• If your Bay is in a pot, consider potting up to a larger size as this will retain more water.

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Too Much Water – Symptoms And How To Fix:

If the leaves look yellow or spotty, or look as if they have mould on them, then the plant may be receiving too much water.

  • Again, first check the soil by putting your finger in and feeling the top 5cm or so, if this is wet then too much water may be a possibility.
  • If you live in an area that receives good rainfall then it is likely that this is enough, if so do not provide any extra water.
  • If your Bay tree is in the ground check to see if rainfall is pooling around the base, if so consider moving it or redirecting the water somehow.
  • Hold off watering until you see improvement, and then only water sparingly if the weather is dry.
  • If your Bay tree is in a pot then make sure there are plenty of drainage holes.
  • Raise the pot up on legs or bricks to aid drainage.

Position in the Garden

A Bay tree’s preferred location will be in sunshine and by a wall or fence to protect from the wind.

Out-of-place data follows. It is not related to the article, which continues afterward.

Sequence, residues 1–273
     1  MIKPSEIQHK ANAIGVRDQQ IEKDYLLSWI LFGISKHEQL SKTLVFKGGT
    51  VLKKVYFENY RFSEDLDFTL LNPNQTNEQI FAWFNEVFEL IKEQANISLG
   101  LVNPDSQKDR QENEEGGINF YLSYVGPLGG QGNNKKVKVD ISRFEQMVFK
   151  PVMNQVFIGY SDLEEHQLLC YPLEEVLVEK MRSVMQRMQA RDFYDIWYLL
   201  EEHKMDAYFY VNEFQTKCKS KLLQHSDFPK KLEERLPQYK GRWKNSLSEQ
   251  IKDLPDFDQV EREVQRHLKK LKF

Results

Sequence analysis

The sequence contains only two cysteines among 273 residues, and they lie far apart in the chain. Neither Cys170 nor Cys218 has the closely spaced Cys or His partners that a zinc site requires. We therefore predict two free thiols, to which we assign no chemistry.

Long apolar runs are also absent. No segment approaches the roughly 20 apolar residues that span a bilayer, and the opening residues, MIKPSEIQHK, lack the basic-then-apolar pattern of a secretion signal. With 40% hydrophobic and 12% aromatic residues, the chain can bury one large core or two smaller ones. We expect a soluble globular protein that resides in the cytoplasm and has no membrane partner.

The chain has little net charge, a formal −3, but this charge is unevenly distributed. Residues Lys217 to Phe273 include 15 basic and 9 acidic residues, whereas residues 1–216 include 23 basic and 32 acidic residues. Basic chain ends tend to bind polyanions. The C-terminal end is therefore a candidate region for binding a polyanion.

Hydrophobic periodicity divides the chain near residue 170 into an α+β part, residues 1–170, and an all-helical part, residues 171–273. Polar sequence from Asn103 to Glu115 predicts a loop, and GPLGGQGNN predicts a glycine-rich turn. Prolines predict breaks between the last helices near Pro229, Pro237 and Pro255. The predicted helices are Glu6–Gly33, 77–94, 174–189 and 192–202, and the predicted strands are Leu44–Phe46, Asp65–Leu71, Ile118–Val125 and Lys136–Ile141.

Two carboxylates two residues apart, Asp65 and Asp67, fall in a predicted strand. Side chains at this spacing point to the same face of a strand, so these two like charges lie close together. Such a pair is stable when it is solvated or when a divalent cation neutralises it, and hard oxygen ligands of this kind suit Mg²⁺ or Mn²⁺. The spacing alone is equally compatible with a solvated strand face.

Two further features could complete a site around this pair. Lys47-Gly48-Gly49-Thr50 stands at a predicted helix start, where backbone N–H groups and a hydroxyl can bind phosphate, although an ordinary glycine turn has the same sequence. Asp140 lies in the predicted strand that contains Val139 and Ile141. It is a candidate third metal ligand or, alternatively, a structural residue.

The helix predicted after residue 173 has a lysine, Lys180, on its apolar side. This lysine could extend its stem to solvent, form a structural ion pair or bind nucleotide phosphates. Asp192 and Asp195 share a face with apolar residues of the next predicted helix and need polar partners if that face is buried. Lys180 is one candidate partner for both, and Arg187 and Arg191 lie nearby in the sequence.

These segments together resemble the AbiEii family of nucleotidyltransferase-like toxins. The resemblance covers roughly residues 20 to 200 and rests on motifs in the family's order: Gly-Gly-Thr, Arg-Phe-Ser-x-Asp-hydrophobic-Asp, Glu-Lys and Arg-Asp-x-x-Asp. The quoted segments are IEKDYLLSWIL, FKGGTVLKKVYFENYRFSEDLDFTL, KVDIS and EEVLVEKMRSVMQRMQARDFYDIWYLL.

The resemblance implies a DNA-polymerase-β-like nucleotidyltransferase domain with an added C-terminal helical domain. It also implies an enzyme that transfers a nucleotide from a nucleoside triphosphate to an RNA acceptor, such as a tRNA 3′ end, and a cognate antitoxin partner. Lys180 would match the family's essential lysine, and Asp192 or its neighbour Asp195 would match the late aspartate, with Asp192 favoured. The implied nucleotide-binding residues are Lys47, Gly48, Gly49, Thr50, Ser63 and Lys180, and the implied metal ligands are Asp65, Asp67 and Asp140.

Wind can actually damage the leaves and the vitality of the plant if it is particularly hot or frosty.

A strong wind can even snap a young Bay tree, particularly the top-heavy lollipop style.

How to fix:

  • If your tree is in a poor shady and windy position then consider moving it if possible.
  • If it cannot be moved, consider adding something to screen the tree slightly (a chair or a planter etc).
  • You can provide extra support by staking the Bay tree.
  • This will also encourage straight growth.

Leaf Scorch Caused By Frost

Bay tree leaves can be damaged by frost and very cold winds that will strip the moisture from the leaves and cause the foliage to turn brown and crispy.

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If the ground freezes they can find it difficult to draw up water to replenish the water in these leaves.

How to fix:

  • These leaves cannot be saved so when the weather is warmer you can remove them by pruning.
  • Water and mulch around the plant before winter.
  • This will insulate the soil and provide some moisture retention, allowing the plant to access water when temperatures drop below freezing.
  • Leave a space immediately around the trunk for aeration.

The Plant Has Outgrown It’s Pot

As mentioned above, Bay trees are often grown in pots, and in fact do very well.

A popular style is to train them into a lollipop shape.

The trunk can also be twisted around a cane to create a corkscrew effect.